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SPOT THE FAKE NEWS

Enya Ratkic, Staff Writer

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The Internet is a huge virtual place, like virtual Earth, that offers speedy accessibility to social media, news, sports, video streaming, and more. But, unfortunately, these luxuries come at a cost. Fake rumors and news circulate throughout the Internet, much like in the real world.  Although people have created fake news long before the Internet, our exposure has increased with the instant viewing and sharing capabilities. Nowadays, finding a reliable source of news to trust, share, and conduct research can be tricky.

Using untrustworthy sites as research for your paper or portfolio assignment can make you receive a poor grade. To help identify bad or good places to use as research for your report, use these tips.

Many social media outlets, like Facebook, contain fake news articles. People often do not think before they share or believe what they see on these sites. Whenever you see a news article on social media and beyond, first note the source of the article. Some news sources have reputations as phonies. If you do not recognize the source, then look through their other articles to gain an understanding of their reliability. At first glance, their titles may seem real. These headlines, otherwise known as  “Clickbait”, surprise or shock the viewer into clicking on the article. Some fake news articles contain exaggerated quotes and facts, with old information mixed in with the new. This makes it more difficult to tell what information to trust.

If you feel unsure of which websites are reliable or not, ask your teacher for a list of websites. The news channels on TV have their own websites too, and these are usually reliable. Sources like CNN, FOX, NBC, BBC, National Geographic, and Animal Planet have trustworthy articles.

News sites like abcnews.com.co and more contain lots of fake news. In fact, here is a website with a big list of ugly, misleading news: http://www.fakenewswatch.com. This website can help you determine whether or not the website is reliable and if it is a good place for research. Pay attention to the URL, if it ends in “.co” or “.su”, this could mean it’s a phony version of a trusted news site.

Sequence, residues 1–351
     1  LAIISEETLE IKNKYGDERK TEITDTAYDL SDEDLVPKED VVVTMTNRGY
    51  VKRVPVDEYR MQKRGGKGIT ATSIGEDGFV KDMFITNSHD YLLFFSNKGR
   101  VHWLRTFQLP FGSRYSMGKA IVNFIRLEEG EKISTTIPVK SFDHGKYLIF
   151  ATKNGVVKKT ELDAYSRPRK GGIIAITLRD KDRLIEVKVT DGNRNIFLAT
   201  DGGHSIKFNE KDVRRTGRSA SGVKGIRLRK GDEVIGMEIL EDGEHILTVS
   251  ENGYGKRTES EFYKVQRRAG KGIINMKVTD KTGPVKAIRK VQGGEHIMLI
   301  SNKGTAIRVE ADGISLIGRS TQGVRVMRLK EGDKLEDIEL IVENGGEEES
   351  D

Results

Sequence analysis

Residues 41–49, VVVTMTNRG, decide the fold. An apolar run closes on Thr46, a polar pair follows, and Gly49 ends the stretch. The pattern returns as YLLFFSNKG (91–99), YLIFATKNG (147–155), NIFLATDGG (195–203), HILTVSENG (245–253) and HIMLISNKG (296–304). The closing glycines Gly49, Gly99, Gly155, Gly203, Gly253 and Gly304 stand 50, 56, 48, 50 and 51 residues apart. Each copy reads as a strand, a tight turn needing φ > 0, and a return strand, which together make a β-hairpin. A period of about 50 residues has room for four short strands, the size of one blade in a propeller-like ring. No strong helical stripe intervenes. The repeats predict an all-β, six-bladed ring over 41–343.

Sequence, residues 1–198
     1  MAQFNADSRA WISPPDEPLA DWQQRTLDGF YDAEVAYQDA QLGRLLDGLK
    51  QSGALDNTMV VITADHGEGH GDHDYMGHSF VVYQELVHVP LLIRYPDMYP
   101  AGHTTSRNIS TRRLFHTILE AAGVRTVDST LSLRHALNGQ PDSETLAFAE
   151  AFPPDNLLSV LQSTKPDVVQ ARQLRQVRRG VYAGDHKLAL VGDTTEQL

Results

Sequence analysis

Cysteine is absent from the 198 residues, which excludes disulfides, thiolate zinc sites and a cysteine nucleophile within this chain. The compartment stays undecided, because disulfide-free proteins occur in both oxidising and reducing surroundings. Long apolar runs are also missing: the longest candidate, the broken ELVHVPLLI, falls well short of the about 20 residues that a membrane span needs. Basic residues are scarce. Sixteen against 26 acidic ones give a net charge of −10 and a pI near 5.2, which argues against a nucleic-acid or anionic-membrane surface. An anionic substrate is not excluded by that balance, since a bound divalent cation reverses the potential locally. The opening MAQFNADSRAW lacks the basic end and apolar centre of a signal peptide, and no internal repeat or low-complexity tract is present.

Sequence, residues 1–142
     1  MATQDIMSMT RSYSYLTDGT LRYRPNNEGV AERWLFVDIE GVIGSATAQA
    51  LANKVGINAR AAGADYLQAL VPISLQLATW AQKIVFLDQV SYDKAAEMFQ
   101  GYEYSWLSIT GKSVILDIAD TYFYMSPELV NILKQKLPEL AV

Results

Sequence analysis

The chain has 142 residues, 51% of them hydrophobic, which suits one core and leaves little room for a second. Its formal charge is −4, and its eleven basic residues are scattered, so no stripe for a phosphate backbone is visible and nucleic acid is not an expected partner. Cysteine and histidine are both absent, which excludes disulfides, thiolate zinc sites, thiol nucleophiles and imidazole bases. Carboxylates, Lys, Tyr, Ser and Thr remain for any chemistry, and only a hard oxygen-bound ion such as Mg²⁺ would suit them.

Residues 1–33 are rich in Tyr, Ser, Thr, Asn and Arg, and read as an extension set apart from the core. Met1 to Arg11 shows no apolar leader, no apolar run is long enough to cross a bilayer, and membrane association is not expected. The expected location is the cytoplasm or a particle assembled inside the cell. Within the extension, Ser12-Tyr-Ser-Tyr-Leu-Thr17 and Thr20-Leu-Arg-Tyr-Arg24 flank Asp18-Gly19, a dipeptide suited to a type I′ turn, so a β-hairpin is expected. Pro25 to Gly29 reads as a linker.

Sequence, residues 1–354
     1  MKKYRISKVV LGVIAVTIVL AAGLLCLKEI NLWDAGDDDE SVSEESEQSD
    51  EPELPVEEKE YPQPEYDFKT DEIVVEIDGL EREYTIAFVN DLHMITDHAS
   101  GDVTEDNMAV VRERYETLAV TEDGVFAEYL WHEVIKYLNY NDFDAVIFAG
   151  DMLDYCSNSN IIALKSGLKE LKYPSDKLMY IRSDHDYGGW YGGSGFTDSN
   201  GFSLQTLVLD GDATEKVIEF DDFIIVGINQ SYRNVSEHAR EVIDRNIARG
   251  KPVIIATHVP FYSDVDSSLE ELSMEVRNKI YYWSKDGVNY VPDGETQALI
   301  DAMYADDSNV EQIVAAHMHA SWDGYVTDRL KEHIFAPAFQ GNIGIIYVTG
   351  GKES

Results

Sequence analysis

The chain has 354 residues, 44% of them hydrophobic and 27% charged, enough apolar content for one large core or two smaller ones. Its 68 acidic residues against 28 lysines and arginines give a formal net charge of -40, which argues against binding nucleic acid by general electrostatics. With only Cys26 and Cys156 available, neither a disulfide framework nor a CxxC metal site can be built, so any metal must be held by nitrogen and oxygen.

Next, are the videos and photos in the article valid? Photos and videos can be exaggerated to support a fake, false claim. Also, when reading the news article on a site, ask yourself, “Did I see this on CNN or TV?”, if not, the article you are using is most likely fake.

Then, figure out if the story has traceable quotes. For example, on the fake ABC news website, there is an article that says, “Obama Signs Executive Order Banning the Pledge of Allegiance in Schools”. I didn’t hear this on the news, nor did I see it on a reliable news site like CNN, and if I were to ask my sister if they still do the pledge of allegiance, she’d say yes. So, this article is obviously fake. Also, in the article, it looks like the founder of Snopes is being criticized, by the author. The author does this by making it seem like the Snopes founder said very bad things about himself and Snopes. Most reliable news articles try to maintain an unbiased opinion. Therefore, that article wouldn’t be a good place to get information off of. Also, on the fake ABC news site, one of the featured articles said it was published on March 28, 2016, which was quite a time ago. A fake quote from Donald Trump was found on social media. It says, “If I were to run, I’d run as a Republican. They’re the dumbest group of voters in the country. They believe anything on Fox News. I could lie and they’d still eat it up. I bet my numbers would be terrific.” This “quote” is from a People Magazine Interview in 1998, and if you’d google that, no such interview would exist, therefore the quote is fake.

On iHoot all of our news are real, and we find them from reliable sources or personal experience.

See if you can go to a website with fake news, and try to spot the clues that the article is not a good place to help with your report.

Sources/Credits:

http://www.cnn.com/2016/11/18/tech/how-to-spot-fake-misleading-news-trnd/ from CNN. Maintained by CNN. By AJ Willingham. Accessed on 12/6/16.

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